2015 red bull global rallycross season finale: stormy weather in Las vegas

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Tanner Foust at the 2015 Red Bull GRC season finale in Las Vegas.

Sometimes we luck into our once-in-a-lifetime events. They are even sweeter when we expect them to be routine and predictable – and then they are not. Each year I travel to Las Vegas to cover the SEMA Show – an enormous automotive trade show that showcases products and services for the automotive aftermarket on countless customized vehicles. Major auto manufacturers feature their latest and greatest high performance models. I used to go to the SEMA Show solely to cover the show itself, but eventually I could not resist the lure of the off-site, major motorsports events that take place the same week. While there in 2015 I covered Robby Gordon’s Off-Road Stadium SUPER Trucks, the Optima Batteries Ultimate Street Car Challenge, Formula Drift at SEMA Ignited and last but certainly not least, the season finale of the Red Bull Global Rallycross series. In Red Bull GRC, two classes of cars compete: Supercars and Lites. Each class runs heat races and a main event, guaranteeing plenty of exciting action for the fans, lap after lap. Earlier in 2015 I covered both Los Angeles rounds of the Red Bull GRC. Located by the water on a beautiful Southern California weekend, it was very entertaining. The course, as usual, consisted mostly of pavement but also a dirt section, with a jump. Seeing compact, high-powered rally cars launch – sometimes side-by-side – and then soar through the air until they came crashing down on their front tires was thrilling. How could it get more exciting than that?

Storm clouds gathering at the Las Vegas Red Bull GRC site, across from the Luxor.

Las Vegas provided the answer, in the form of unusually stormy weather. Heading into the season finale on a large, purpose-built course across the street from the Luxor, only two drivers – Scott Speed and Tanner Foust – had a mathematical chance to win the championship. Scott was the odds-on favorite.

First it began to rain – hard. Then I started to feel something more solid than raindrops pelting my sun hat (which I’d kept on for much needed warmth, even though the sun was nowhere to be seen). I opened my palm and held it skyward. It quickly filled with hail. Without rain gear, I was getting soaked, as were my cameras. A plastic bag sort of protected one. Fortunately they are weather-sealed, professional Nikons. Then lightning came and the on-track action was abruptly halted. An urgent announcement was broadcast over the loudspeakers: everyone had to immediately evacuate the facility. The grandstands and chalets were made of metal, so a lightning strike could have been disastrous. We were told that we could return if and when the lightning stopped. It was suggested that we take cover in our cars or a nearby hotel, and wait out the bad weather. I joined the drenched fans as we streamed out of the gates (pun intended). I was about to walk to the nearest hotel when I realized that I was next to the pits. Despite the evacuate announcement, in various tents mechanics were working on mud-covered rally cars, repairing damage and fitting rain tires. Spectators were huddled together in the few covered spaces they could find. Rather than join them, I thought that this was a golden opportunity to venture out and take photos. By that time I was soaked anyway, so it didn’t much matter if I got even wetter. I just hoped that I did not end up getting pneumonia again (for my third time).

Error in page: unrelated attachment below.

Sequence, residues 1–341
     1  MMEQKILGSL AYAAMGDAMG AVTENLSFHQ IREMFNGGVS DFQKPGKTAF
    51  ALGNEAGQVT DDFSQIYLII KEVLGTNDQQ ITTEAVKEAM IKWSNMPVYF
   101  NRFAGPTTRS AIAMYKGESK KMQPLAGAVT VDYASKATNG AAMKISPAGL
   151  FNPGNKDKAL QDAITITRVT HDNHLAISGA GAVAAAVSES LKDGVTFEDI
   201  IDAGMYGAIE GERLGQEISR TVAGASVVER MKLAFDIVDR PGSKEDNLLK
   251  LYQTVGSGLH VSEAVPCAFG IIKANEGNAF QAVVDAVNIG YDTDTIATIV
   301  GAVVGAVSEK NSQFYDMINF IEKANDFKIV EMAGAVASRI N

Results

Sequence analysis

Muddy water entered the tented 'garages.'

The race mechanics had to work on the cars in miserable conditions.

After less than an hour, not only did the lightning stop, but so did the rain. Fans returned to the track and the racing resumed.

Soon, however, the rain began again – in earnest. The dirt that had been limited to one section of the track had long since turned to mud, and in that liquid state it spread to the paved areas. Cars were slipping and sliding all over the track. Trailing rooster trails of water on the straights, they had become almost unrecognizable. The action was spectacular so I remained outside and kept shooting.

Wahoo! Note the open door.

The fans -- and I -- were "MUCHO CRAZY" -- to brave the rain on a cold, dark night in Las Vegas.

Brian Deegan( of Chip Ganassi Racing) launches over the signature Red Bull GRC jump.

A beached racecar as everyone slides every which way in a sea of slick mud.

Brian Deegan powering through mud as fans look on.

Scott Speed flies towards a season championship.

Scott Speed finished third in the main event, beating his VW teammate Tanner Foust and winning the season championship. This was the first Red Bull GRC title for Volkswagen Andretti Rallycross.

Scott Speed celebrates his season championship.

For a racing recap – and to see more photos – go to www.redbullglobalrallycross.com, click on News, and then scroll way down to “Red Bull GRC Race Recap: Las Vegas.”

Copyright © 2015, 2016 by Jan Wagner – AutoMatters & More #411

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